SCHUMER LAUNCHES PUSH TO GET NEW COPS FOR CITY OF NEWBURGH FED PROGRAM TO HIRE COPS UNFAIRLY RESTRICTS SMALL CITIES WITH HIGH CRIME RATES LIKE NEWBURGH FROM GETTING COPS THEY NEED AND DESERVE
Schumer Launches Two-Pronged Push – First, Urges Change To Fed Program To Get More Cops For Newburgh & Second, Pushes To Help Newburgh Get Highest Number Of Cops Allowed Under Current Program Guidelines – 4
Newburgh Currently Seeking Fed Funds To Hire 4 Police Officers – Even This Number Would Make A Major Difference Since Not Enough Cops Are On Patrol
Schumer: Newburgh Should Be Able To Get Funds It Needs To Hire New Cops & Not Be Restricted By Arbitrary Limits
Today, at the Police Headquarters in Newburgh, U.S. Senator Charles E. Schumer launched a twopronged push to get more cops for the City of Newburgh, whose police force has declined from 125 officers in 2000 to a little under 80 officers today despite a crime rate that is among the highest in the nation. First, Schumer announced that he would be launching an effort to make significant changes to a federal program that helps cities like Newburgh hire more police officers, called the COPS Hiring Program (CHP). This program plays a pivotal role in providing the funds Newburgh, and many cities like it, need to hire new police officers, but unfortunately the program sets a limit on how much funding a city can apply for that is based on the current size of the police force and not on the amount of crime. Specifically, the program currently has a hard cap that only allows a city like Newburgh to apply for funding to hire the equivalent of 5% of its police force - which in Newburgh's case is approximately 4 officers. Schumer said that this arbitrary limit unfairly restricts a small city like Newburgh, which has a dwindling police force and high crime rate, from applying for the amount of funding it truly needs. Instead of limiting cities to only being able to apply for the funding needed to hire the equivalent of 5% of its current force, Schumer urged the federal Department of Justice (DOJ) to incorporate local crime rates when setting its limits for how much funding any one city can receive through the CHP. This change would allow Newburgh to request funding for the number of cops it truly needs rather than what it is currently limited to.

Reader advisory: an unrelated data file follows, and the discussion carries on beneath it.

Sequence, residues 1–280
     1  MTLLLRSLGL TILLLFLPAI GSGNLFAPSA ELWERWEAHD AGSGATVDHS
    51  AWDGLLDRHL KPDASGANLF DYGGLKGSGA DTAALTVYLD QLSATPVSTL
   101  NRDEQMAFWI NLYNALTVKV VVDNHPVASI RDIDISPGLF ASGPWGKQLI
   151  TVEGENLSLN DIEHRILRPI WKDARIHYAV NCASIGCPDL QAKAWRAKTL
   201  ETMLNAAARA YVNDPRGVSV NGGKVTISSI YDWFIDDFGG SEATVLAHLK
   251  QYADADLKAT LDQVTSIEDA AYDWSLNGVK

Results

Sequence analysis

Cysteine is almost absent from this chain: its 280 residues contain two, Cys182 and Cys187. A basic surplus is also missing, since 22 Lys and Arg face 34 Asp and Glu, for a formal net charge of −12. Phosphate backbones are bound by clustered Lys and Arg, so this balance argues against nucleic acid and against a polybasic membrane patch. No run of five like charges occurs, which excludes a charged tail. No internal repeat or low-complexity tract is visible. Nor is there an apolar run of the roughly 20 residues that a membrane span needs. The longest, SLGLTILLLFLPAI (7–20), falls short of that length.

In addition, Schumer pledged his support of Newburgh's application to the CHP, through which they are seeking funds to hire four new police officers, and he promised to do everything in his power to fight for this funding. According to Schumer, even though Newburgh should be allowed to apply for funding for more officers, even adding four new cops would make a major difference since the City has lost so many cops over the years and has indicated it does not have enough cops on patrol.
"A city with a crime rate as high as Newburgh's should not be restricted from seeking federal funds to hire the number of cops it truly needs," said Schumer. "The COPS Hiring Program is a godsend for communities around New York State, but it does not make sense to limit a city like Newburgh who needs these funds more than most. That is why I am calling for a big change in this program - instead of setting a hard cap on how much funding a city can receive, based solely on the size of a city's current police force, the program should also take local crime rates into consideration and allow cities with the highest crime rates to apply for funding to hire officers beyond the current cap. Every officer makes a difference, and if Newburgh were allowed to apply for even more funding, we could take a real bite out of violent crime."
Schumer continued, "Newburgh is currently seeking funding to hire four new police officers, which would be a tremendous help to a police force that has been shrinking over the years, and I will push the powersthatbe at the Department of Justice to make sure Newburgh gets the funding it needs this year, and has the opportunity to apply for more than just four officers in the years to come. Newburgh needs all the help it can get to lower crime, and the federal government should be stepping in to help."
Schumer was joined by Newburgh Police Chief Michael Ferrara and Newburgh City Manager Michael Ciaravino.
"Safety is at the top when it comes to the city of Newburgh's hierarchy of greatest need," said Michael Ciaravino, City Manager for the City of Newburgh. "When a community feels safe in their streets then it will usher in a whole new era of investment and will transform the city of Newburgh. We owe it to the police officers of our community to provide them with a sufficient number of officers per shift to ensure that their safety has been provided for as we ask them to protect our community. Enough is enough, we need to have a sufficient number of police officers to get this job done."
"In the City of Newburgh, policing is all about the numbers when it comes to crime numbers and neighborhood population density. We have an urban environment that becomes subject to crimes against persons and property if not effectively patrolled in numbers day and night," said Michael Ferrara, Police Chief for the City of Newburgh. "Several areas of Newburgh's 75 miles of policed city streets are perfectly suited to benefit from supplemental foot patrol. Foot patrol is the most effective form of preventative, proactive, community policing there is."